Sheng Pu is relatively easy regarding names; they are classically named after the location in which they are harvested. The significance of this practice is that location is the most important aspect of the value of tea. Having the origin in the name of a Pu er gives you an immediate sense of the value of the tea. For Pu Er lovers, this is essential information to identify quality more efficiently. This is similar to how a wine connoisseur immediately has an estimated baseline for the value of the wine if they hear names like Margaux vs. Beaujolais

Additionally, getting as specific a location as possible is important. A lot is more valuable than a village, a village is more valuable than a mountain, a mountain is more valuable than a township, etc. You Le Long Pa is a Pu Er from the village of Long Pa on the mountain of You Le. Le De is a lot in the village of Long Pa. A tea just called You Le would come from the mountain of You Le, but not specifically a known village or famous location. This is comparable to the different prices a Grand Cru Burgundy would demand from a village wine vs. a regional wine. You can read more about this location-based naming structure in this article here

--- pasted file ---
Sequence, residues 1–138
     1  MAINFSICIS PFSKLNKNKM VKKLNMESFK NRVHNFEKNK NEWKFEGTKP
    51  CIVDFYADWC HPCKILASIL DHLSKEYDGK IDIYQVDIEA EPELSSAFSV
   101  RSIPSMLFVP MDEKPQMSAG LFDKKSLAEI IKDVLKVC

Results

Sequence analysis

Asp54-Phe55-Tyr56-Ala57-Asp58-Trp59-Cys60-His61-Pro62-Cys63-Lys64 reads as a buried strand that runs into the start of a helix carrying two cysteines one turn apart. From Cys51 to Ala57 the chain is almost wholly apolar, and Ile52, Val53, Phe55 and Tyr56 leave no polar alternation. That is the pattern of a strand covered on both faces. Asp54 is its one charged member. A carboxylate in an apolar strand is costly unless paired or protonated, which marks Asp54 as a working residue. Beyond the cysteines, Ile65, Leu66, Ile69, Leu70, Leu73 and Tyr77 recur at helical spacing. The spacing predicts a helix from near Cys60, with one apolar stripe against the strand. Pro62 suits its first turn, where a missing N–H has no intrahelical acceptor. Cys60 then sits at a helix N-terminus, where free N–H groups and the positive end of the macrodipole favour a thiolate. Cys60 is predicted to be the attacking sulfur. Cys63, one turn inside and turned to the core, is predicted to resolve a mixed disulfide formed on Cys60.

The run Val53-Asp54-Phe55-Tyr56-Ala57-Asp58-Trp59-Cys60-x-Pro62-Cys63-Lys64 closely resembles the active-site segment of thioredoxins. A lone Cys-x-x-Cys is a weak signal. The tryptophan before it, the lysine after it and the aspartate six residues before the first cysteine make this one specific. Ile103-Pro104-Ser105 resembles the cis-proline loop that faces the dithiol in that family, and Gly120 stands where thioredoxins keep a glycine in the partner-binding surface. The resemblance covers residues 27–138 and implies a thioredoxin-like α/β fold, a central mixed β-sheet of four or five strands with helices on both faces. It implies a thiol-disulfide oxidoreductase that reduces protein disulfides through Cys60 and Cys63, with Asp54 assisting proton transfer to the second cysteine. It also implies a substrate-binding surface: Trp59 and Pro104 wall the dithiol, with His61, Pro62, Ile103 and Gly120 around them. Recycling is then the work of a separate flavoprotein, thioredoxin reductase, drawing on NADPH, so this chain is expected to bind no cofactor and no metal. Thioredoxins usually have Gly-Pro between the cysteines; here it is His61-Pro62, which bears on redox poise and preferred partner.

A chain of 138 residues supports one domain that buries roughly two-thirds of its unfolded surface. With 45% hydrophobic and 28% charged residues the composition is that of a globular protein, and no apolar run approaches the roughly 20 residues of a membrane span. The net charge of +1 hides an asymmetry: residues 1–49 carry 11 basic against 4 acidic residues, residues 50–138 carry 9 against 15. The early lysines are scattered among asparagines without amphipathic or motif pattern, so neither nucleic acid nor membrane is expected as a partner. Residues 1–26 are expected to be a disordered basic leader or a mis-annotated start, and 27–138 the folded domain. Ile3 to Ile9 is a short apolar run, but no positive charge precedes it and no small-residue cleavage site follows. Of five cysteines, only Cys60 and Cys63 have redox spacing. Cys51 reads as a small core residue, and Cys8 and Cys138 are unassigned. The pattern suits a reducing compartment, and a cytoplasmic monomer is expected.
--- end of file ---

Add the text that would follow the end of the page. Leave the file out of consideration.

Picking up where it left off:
Red Tea

The traditional method of naming red tea is to name it after the general region where it is harvested. Qi Men Hong Cha, translates to Red Tea from Qi Men -  casual and straightforward. This naming was the standard for many traditional red teas largely due to its long history of being the exportation teas of China and the lack of appreciation from domestic connoisseurs.

But, as red tea processing and quality continue to become more distinguished in recent years, their naming convention also gets more specific. For example, red tea that comes from Tong Mu gets named Xiao Chi Gan (one bud and one to two leaves) or Da Chi Gan (one bud and two to three leaves) etc. Because of Qi Men's proximity to green tea regions, while it's still okay to call the red tea from here Qi Men Hong Cha, people will also call it by the signature green tea shape it adopts. So, for example, a tea with a free shape it's called Hong Mao Feng, and a spiral tea is called Hong Xiang Luo. 

Black Tea

Black tea remains the most mass-produced category of tea. While it has a long history, it has never reached the sophistication of the other categories. So it is still mainly named after its region and shape. 

Some shape examples: 

  • Fu Zhuan: Brick
  • Lu An Lan Cha: Basket
  • Qian Liang: 1000 Liang in a pillar (an imperial Chinese measurement that is now 50g)

We hope this guide is a resource for you to deepen your understanding of traditional Chinese teas! If you loved the guide and want to continue your tea education, check out our Tea Fundamentals Course!